Walt Whitman

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Walt Whitman
Walt Whitman

Walt Whitman (May 31, 1819March 26, 1892) was an American poet, essayist, journalist, and humanist born on Long Island, New York. His most famous work is the collection of poetry, Leaves of Grass.



Walt Whitman, age 37, frontispiece
Walt Whitman, age 37, frontispiece

Whitman was born in a white farmhouse near present-day South Huntington, New York, on Long Island, New York, in 1819, the second of nine children. In 1823, the Whitman family moved to Brooklyn. Whitman attended school for only six years before starting work as a printer's apprentice. He was almost entirely self-educated, reading especially the works of Homer, Dante and Shakespeare. After a two year apprenticeship, Whitman moved to New York City and began work in various print shops. In 1835, he returned to Long Island as a country school teacher. Whitman founded and edited a newspaper, the Long-Islander, in his hometown of Huntington in 1838 and 1839. Whitman continued teaching in Long Island until 1841, when he moved back to New York City to work as a printer and journalist. He also did some freelance writing for popular magazines and made political speeches. In 1840, he worked for Martin Van Buren's presidential campaign.

For two years he edited the influential Brooklyn Eagle, but a split in the Democratic party removed Whitman from this job for his support of the Free-Soil party. Between 1841 and 1859, Whitman edited one newspaper in New Orleans (the Crescent), two in New York, and four newspapers in Long Island. The 1840s saw the first fruits of Whitman's long labor of words, with a number of short stories published, beginning in 1841, and one year later the temperance novel Franklin Evans, published in New York, and "The Child's Champion," from 1842.

The first edition of Leaves of Grass was self-published at Whitman's expense in 1855, the same year his father died. At this point, the collection consisted of 12 long, untitled poems. Both public and critical response was muted. A year later, the second edition, including a personal letter of congratulations from Ralph Waldo Emerson that Emerson was surprised to see printed, was published. This edition contained an additional twenty poems. During the American Civil War, Whitman cared for wounded soldiers in and around Washington, D.C. He often saw Abraham Lincoln in his travels around the city, and came to greatly admire the President. Whitman's poems "O Captain! My Captain!" (popularized in the 1989 movie Dead Poets Society) and "When Lilacs Last in the Dooryard Bloomed" were influenced by his profound grief after Lincoln's assassination in 1865.

After the Civil War, Walt Whitman found a job as a clerk in the U.S. Department of the Interior. However, when James Harlan, Secretary of the Interior, discovered that Whitman was the author of the "offensive" Leaves of Grass, he fired Whitman immediately. In 1877 he met a Canadian psychiatrist and author, Richard Maurice Bucke, who would become his personal physician, close friend and sanctioned literary executor. By the 1881 seventh edition of Leaves, the collection of poetry was quite large. By this time Whitman was enjoying wider recognition and the edition sold a large number of copies, allowing Whitman to purchase a home in Camden, New Jersey.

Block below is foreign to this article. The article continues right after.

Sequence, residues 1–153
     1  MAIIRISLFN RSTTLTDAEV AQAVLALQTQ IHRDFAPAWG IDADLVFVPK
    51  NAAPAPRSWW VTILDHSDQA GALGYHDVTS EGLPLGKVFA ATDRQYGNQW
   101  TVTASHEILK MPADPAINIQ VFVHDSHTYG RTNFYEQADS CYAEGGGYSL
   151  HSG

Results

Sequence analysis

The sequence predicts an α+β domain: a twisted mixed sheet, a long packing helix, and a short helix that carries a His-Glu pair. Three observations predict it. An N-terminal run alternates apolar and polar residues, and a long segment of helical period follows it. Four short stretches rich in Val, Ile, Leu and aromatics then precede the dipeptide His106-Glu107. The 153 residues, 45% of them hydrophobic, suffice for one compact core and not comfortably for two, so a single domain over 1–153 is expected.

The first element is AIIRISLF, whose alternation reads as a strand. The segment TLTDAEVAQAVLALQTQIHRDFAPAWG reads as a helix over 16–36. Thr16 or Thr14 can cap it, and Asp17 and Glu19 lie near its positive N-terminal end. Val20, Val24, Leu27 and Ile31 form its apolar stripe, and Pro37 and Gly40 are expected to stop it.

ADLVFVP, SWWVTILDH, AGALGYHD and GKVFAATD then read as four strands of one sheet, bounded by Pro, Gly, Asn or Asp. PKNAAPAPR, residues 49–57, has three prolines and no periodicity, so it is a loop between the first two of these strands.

Whitman died on March 26, 1892, and was buried in Camden's Harleigh Cemetery, in a simple tomb of his own design. A dedication to Whitman is carved on the side of a rock face at Bon Echo Provincial Park in Ontario, Canada. The inscription is the following excerpt from one of his poems.

My foothold is tenon'd and mortis'd in granite;
I laugh at what you call dissolution;
And I know the amplitude of time.

Poetry and Influence

Whitman's poetry expressed the human energy of the bustling cities of New York and Brooklyn in the 19th century.  His Crossing Brooklyn Ferry was written before the building of the Brooklyn Bridge in 1883.
Whitman's poetry expressed the human energy of the bustling cities of New York and Brooklyn in the 19th century. His Crossing Brooklyn Ferry was written before the building of the Brooklyn Bridge in 1883.

Whitman and Emily Dickinson stand as the two giants of 19th-century American poetry. Whitman's poetry seems more quintessentially American; the poet exposed common America and spoke with a distinctly American voice, stemming from a distinct American consciousness. Whitman utilized creative repetition to produce a hypnotic quality that creates the force in his poetry, inspiring as it informs. His poetic quality can be traced indirectly through religious or quasi-religious speech and writings such as the Harlem Renaissance poet James Weldon Johnson. Beat poet Allen Ginsberg's reconciliation with Whitman is revealed in the former's poem, A Supermarket in California.

Whitman is a writer whose influence reaches far beyond his native land—especially in Latin America, where Chilean Nobel Laureate Pablo Neruda claims descent. Portuguese poet Fernando Pessoa has also been inspired by Whitman's work. Whitman's poetry was a model for the French Symbolists, who in turn influenced the surrealists and "modern" poets such as Pound, Eliot, and Auden. The flavor of this power is exhibited in these lines from Crossing Brooklyn Ferry in Leaves of Grass (1855), his most famous work:

I too lived, Brooklyn of ample hills was mine,
I too walked the streets of Manhattan island, and bathed in the waters around it
I too felt the curious abrupt questionings stir within me,
In the day, among crowds of people, sometimes they came upon me,